From St. Louis, we decided to go east to Louisville and then Lexington, Kentucky. I remember looking out the window of my car and seeing that the grass was different. I wondered if it was the “blue grass” that they always mentioned about the South, or if it was just my eyes playing a trick on me. By July 7th, we were in West Virginia, so we decided to press on toward Waynesboro. We arrived there that day and slept in our cars in a park on the late morning before getting a hotel room for the night.
As we drove around town to get a feel for it, we saw a Mexican restaurant, so we went in for some food. The story of that restaurant, and the waitress who became a nurse, is best left for another day. But I will tell you that the food there was not that authentic… The buñuelos were not buñuelos.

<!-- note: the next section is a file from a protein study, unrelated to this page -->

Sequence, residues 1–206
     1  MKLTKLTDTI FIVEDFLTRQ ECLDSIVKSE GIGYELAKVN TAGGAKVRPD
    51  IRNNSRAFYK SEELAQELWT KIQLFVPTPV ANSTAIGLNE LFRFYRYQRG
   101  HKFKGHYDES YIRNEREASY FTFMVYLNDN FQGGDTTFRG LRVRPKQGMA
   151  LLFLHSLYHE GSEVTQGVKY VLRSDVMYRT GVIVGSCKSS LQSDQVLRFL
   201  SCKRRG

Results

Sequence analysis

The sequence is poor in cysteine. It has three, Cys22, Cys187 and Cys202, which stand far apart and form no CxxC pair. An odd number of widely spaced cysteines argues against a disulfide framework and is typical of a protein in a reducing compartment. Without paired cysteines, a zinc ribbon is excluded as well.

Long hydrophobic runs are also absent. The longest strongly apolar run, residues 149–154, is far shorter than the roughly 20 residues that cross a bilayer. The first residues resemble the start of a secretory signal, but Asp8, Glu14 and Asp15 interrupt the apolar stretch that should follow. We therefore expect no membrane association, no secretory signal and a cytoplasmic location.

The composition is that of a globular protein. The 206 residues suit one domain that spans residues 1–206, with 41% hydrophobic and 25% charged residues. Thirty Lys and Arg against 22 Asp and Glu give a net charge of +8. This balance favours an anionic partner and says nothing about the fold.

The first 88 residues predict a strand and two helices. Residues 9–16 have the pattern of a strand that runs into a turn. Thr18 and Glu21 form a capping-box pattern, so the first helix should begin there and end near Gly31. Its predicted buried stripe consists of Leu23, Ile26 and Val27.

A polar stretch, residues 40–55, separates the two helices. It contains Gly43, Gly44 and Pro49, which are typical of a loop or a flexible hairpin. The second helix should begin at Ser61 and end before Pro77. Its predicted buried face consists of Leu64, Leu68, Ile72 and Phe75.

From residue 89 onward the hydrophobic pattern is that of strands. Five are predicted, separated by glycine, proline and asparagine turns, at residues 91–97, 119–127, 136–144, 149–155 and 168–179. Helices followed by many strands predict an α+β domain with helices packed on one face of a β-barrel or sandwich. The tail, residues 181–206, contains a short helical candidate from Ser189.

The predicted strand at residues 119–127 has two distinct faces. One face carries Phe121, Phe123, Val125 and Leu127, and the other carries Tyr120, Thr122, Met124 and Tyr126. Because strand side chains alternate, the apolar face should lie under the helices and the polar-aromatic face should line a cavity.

Dad stayed for a couple of weeks before he headed down to Georgia for work. In that time, I settled in and started the job at the hospital lab. Days turned into weeks, and weeks turned into months. Months then turned into years. Those years brought with them many adventures. There were tons of good times and tons of bad times. All the while, I continued to learn and grown and learn from my mistakes and those of others.
The original version of this blog started in 2004, when I was still there, and I can see a very young and very naive me in all of those blog posts. In some of them, I’m angry that things don’t work the way I thought they should. In others, I’m happy. Just like any other life, this one has been full of challenges in rewards in the last 20 years, and I look forward to what the next 20 years will have to offer.